Tuesday, September 25, 2007

The Oakland of websites


The Bobby Jindal commercial says to go to secondchancelouisiana.com to read about Jindal's plan to give us a "wise and honorable" state government. Well, as Gertrude Stein might say, "the trouble with 'Second Chance for Louisiana' is that when you go there, there isn't any there there.

If you go the issues page, there isn't any insurance there. In a state where Democrats, Independents and even Republicans say that there's an insurance crisis, the leading candidate for governor doesn't seem to consider it an issue. Since one of his commercials criticizes Boasso for voting to raise the legally required minimum liability insurance for Louisiana drivers, I halfway expected something about that. Actually, that's the cheap trick of running an attack ad that includes a vaguely worded criticism of a vote that your opponent cast, that you would have almost certainly cast yourself. Four years ago, he ran for governornor saying that he wasn't a politician, now he uses the oldest politician's trick in the book.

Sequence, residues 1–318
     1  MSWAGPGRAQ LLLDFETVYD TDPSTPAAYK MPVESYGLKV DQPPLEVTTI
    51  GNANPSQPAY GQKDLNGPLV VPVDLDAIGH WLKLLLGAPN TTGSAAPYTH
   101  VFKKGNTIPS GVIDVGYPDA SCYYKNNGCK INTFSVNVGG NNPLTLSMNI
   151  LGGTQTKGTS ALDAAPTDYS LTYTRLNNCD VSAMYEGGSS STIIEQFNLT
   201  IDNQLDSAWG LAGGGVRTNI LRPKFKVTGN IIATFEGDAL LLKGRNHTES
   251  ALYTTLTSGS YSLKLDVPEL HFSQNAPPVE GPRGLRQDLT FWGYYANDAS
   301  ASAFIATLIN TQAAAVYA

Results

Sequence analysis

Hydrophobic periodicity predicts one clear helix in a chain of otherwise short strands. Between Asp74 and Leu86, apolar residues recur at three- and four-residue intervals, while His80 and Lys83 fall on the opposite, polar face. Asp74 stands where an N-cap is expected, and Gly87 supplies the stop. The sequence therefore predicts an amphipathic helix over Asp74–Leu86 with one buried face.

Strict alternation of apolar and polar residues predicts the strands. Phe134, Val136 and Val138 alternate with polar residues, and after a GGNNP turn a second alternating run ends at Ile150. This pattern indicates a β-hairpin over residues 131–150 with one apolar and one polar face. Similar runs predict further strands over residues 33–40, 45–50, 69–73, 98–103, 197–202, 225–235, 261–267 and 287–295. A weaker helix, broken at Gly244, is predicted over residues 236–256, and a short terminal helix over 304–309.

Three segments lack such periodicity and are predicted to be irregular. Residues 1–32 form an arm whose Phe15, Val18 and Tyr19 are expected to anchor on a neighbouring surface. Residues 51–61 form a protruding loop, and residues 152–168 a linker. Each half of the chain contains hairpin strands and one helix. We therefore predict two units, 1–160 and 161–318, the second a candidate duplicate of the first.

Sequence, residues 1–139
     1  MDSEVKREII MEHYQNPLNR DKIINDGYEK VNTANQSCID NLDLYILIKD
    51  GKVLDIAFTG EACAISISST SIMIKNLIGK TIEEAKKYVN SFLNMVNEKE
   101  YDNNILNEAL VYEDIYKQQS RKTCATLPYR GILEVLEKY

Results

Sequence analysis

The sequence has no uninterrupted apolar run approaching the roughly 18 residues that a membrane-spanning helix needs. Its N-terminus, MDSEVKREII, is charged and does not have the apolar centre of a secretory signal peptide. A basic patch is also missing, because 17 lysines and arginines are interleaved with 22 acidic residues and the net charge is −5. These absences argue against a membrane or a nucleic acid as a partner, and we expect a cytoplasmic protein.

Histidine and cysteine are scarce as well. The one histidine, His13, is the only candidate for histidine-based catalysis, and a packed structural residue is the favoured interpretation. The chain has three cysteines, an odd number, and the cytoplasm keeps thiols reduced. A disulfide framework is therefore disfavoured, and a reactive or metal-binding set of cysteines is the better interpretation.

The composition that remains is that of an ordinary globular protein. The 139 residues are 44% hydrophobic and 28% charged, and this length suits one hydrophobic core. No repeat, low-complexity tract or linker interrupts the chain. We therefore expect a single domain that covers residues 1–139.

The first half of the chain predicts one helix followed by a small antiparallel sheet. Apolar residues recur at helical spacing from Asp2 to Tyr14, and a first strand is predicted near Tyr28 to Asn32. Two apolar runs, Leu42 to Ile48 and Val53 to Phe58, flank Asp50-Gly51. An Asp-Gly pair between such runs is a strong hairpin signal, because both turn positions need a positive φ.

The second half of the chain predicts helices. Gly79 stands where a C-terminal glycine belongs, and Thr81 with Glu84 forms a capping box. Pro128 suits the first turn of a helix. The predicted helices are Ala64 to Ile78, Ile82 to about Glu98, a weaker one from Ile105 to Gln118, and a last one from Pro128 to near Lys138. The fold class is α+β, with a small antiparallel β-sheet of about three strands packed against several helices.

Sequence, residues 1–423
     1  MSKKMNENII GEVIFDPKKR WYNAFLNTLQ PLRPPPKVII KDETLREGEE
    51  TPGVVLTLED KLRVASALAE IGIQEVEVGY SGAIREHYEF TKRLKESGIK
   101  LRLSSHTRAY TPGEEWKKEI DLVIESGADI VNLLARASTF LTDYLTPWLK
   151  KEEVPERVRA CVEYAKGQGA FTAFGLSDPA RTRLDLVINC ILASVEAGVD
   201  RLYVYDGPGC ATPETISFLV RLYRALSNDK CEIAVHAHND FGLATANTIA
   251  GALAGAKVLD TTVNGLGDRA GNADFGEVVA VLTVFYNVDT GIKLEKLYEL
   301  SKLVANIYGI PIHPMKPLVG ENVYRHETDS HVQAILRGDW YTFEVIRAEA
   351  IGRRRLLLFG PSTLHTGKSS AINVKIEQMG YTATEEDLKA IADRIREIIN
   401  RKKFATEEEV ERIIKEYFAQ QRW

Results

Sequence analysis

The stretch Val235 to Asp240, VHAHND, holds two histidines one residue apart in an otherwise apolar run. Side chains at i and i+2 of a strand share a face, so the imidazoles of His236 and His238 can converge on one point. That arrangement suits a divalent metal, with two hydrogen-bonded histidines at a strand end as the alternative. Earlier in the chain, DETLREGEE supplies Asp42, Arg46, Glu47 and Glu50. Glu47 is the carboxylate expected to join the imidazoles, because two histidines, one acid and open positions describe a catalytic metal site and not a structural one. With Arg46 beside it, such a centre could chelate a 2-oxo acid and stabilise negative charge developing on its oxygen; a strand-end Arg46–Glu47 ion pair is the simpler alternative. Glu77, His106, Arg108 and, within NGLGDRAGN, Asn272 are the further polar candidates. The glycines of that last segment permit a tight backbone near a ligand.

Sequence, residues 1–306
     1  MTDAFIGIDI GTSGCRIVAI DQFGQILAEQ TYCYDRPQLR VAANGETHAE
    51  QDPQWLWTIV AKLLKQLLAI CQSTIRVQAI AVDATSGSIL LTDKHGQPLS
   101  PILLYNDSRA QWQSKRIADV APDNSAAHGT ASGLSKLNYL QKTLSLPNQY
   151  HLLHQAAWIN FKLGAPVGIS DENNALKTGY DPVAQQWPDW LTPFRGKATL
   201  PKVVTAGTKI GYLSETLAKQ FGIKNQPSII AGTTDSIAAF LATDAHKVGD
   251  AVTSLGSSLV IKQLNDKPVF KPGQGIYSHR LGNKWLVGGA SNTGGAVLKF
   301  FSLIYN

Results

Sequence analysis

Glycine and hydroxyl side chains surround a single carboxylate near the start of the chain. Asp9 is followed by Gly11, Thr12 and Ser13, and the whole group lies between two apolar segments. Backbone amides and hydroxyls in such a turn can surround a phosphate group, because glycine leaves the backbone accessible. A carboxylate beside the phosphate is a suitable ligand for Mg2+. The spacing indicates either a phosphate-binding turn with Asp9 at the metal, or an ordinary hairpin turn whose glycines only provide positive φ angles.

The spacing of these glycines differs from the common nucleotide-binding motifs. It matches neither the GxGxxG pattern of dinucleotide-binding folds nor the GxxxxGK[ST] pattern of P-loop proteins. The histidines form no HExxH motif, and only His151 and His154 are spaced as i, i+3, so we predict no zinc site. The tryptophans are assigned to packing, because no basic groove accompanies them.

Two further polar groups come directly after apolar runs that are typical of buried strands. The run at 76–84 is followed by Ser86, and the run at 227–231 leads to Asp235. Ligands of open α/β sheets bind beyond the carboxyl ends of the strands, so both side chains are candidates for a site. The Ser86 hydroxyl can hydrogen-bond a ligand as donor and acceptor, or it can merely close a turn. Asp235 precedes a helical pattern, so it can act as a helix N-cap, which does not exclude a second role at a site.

Jindal first came to prominence running the state healthcare system, but there's no healthcare there. Nothing about re-opening Charity Hospital (or not). Nothing about the V.A. Hospital. No commitment to keep LSU Medical School in New Orleans (or not). That's one argument for anybody who cares the economy of the Greater New Olreans area to vote for anybody but Jindal. I don't care if you're the caller that I heard on Between the Lines, wondering what Boasso had done for black people...ever, or my Republican sister in Mandeville, at the very least, you shouldn't vote for Jindal if you think a vibrant medical corridor is vital to the local economy. At least, you shouldn't until he actually states his position -- it's not on his website, where you can read about his wise ideas.